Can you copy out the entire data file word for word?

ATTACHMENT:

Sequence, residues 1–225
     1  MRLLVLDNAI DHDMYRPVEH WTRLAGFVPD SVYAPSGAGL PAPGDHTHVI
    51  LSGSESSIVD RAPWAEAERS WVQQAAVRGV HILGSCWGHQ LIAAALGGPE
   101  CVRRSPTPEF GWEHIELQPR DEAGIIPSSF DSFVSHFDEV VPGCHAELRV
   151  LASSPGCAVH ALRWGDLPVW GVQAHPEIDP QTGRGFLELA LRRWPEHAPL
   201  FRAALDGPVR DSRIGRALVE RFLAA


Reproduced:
Sequence, residues 1–225
     1  MRLLVLDNAI DHDMYRPVEH WTRLAGFVPD SVYAPSGAGL PAPGDHTHVI
    51  LSGSESSIVD RAPWAEAERS WVQQAAVRGV HILGSCWGHQ LIAAALGGPE
   101  CVRRSPTPEF GWEHIELQPR DEAGIIPSSF DSFVSHFDEV VPGCHAELRV
   151  LASSPGCAVH ALRWGDLPVW GVQAHPEIDP QTGRGFLELA LRRWPEHAPL
   201  FRAALDGPVR DSRIGRALVE RFLAA